The Testaroli alla Lunigiana is a typical and simple dish of the tradition of Lunigiana and Pontremoli’s area that was already popular in ancient Rome. The Testaroli are a sort of a bread wrap cooked in “testi”, cast-iron or terracotta containers (nowadays you can also cook them in a pan) from which the dish is named after; then they are cut into little squares and once they are boiled and cooled down they are ready to eat: they can be seasoned with extra virgin olive oil, crated pecorino cheese or pesto with basil, pine nuts and garlic. After being cooked, the testarolo looks like a disk of pasta very consistent, elastic and compact that can be preserved in the pantry. The testarolo is a well known specialty that became a member of the Slowfood Association. Today, for the hamlets recipe of the week we’ll learn how to make Testaroli with the classic recipe, cut in squares and seasoned with Ligurian pesto.
Before starting to cook, here’s something you might not know: every year in Fosdinovo they celebrate the Testarolo Festival where you can taste the Fosdinovo variant of this dish that differs from the Lunigiana one because it has a smaller shape, a different preparation and because Fosdinovo Testaroli are not cut, seasoned and served in one plate, but they are stuffed with extra virgin olive oil, pesto, crated pecorino cheese, mushroom sauce, salami, stracchino cheese or other things (also sweet food like hazelnut spread); indeed they are wrapped up and eaten like a sandwich. Are you ready to cook? …Let’s start.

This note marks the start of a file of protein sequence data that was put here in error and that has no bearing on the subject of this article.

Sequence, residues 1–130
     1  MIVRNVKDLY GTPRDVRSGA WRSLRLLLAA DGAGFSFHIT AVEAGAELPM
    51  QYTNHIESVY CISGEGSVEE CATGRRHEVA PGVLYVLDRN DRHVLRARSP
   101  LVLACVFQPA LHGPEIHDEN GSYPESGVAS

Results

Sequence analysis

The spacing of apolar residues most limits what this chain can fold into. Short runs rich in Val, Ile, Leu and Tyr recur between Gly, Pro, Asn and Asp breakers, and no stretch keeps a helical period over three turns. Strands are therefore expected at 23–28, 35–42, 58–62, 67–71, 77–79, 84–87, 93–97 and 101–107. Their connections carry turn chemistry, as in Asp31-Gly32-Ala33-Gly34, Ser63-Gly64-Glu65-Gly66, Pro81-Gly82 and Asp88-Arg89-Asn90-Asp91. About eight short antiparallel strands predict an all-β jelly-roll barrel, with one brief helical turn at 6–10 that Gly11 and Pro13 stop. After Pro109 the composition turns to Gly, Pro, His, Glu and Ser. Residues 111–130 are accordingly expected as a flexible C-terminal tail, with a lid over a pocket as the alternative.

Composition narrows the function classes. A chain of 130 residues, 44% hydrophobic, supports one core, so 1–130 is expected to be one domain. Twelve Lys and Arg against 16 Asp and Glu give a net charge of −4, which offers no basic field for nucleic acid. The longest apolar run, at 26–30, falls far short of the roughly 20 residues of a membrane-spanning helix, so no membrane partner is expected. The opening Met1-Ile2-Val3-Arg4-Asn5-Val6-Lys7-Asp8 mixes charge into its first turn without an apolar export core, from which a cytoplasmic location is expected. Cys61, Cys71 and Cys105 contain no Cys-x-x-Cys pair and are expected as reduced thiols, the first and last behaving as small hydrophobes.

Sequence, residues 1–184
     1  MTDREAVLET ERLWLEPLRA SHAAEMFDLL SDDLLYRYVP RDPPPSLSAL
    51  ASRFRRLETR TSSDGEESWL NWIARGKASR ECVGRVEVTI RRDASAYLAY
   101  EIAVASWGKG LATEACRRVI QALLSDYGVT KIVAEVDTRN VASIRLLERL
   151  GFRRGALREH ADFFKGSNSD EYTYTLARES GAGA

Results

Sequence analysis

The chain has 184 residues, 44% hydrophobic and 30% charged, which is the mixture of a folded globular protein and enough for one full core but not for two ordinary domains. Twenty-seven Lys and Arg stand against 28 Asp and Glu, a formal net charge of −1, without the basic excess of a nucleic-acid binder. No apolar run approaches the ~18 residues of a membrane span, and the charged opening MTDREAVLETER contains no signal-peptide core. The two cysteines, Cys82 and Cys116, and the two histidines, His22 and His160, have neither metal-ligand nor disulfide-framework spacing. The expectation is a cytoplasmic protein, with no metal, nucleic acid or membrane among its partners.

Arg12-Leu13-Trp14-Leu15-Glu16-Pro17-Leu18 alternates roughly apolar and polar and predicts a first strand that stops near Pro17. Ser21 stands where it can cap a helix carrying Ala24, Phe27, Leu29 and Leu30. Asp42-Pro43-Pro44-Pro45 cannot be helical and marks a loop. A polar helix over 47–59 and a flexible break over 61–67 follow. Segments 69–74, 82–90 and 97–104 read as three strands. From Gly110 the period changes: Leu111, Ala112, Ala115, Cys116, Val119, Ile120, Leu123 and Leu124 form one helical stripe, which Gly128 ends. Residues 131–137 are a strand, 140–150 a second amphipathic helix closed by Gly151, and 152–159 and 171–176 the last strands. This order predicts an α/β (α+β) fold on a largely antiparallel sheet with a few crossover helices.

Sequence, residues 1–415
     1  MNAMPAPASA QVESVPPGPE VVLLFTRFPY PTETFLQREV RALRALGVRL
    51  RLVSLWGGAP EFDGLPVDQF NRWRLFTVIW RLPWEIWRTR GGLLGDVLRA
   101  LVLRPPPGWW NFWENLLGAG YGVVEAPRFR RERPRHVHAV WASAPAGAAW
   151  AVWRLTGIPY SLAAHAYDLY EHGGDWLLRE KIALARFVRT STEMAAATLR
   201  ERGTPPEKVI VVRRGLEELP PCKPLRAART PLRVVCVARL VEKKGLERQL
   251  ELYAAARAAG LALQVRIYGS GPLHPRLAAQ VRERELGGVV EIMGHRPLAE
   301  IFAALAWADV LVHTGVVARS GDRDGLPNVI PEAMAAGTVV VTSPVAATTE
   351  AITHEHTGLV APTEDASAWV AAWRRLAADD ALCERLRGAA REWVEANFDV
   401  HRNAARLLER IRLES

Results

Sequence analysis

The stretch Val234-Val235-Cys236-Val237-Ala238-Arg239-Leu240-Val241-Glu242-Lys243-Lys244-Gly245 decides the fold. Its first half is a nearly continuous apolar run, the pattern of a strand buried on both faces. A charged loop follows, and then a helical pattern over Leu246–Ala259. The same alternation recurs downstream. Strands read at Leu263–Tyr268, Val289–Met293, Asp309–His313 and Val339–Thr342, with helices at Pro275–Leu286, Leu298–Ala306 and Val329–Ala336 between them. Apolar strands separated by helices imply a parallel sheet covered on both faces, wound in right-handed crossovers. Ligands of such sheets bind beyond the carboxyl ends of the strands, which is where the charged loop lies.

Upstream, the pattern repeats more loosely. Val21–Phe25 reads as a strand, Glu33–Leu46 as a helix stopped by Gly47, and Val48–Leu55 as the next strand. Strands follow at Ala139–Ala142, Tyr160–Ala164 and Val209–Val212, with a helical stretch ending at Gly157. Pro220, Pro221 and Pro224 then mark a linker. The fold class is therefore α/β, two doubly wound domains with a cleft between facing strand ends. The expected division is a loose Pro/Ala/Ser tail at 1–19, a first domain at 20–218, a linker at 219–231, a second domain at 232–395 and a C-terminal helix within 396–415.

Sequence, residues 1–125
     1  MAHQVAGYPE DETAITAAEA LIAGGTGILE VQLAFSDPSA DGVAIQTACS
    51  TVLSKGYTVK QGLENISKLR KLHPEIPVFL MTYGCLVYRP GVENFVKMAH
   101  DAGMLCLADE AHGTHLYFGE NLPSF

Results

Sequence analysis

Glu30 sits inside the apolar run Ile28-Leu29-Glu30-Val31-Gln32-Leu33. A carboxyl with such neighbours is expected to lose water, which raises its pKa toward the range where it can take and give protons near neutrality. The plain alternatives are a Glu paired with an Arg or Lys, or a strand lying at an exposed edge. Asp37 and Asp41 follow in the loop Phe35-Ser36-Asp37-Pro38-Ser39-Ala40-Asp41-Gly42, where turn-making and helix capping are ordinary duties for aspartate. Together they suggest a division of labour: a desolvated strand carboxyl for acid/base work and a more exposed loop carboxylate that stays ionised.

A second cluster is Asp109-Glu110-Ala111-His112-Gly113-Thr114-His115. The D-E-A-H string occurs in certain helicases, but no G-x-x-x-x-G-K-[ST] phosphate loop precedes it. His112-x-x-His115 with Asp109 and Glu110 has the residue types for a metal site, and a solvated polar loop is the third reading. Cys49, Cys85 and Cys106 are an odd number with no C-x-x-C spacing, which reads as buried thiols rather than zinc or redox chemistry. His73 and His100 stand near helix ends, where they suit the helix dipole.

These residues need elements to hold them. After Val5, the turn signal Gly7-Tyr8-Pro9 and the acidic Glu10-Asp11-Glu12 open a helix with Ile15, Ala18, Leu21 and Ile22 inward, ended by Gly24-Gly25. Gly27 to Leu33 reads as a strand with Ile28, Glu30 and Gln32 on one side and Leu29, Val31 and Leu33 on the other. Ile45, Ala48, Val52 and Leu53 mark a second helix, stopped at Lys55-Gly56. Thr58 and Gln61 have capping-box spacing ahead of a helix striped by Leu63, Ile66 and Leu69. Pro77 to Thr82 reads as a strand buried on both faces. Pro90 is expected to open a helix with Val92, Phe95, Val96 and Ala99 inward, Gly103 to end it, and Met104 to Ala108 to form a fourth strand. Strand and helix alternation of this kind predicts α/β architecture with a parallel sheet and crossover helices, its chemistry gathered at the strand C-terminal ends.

Photo by Il Tirreno
Add to calendar 2019-11-10 2019-11-10 Europe/Rome Pomo Rodelo's Feast appreciated for its particular taste between the sweet and the sour, ripe has a very intense perfume and the pulp is consistent and white. Fosdinovo
appreciated for its particular taste between the sweet and the sour, ripe has a very intense perfume and the pulp is consistent and white.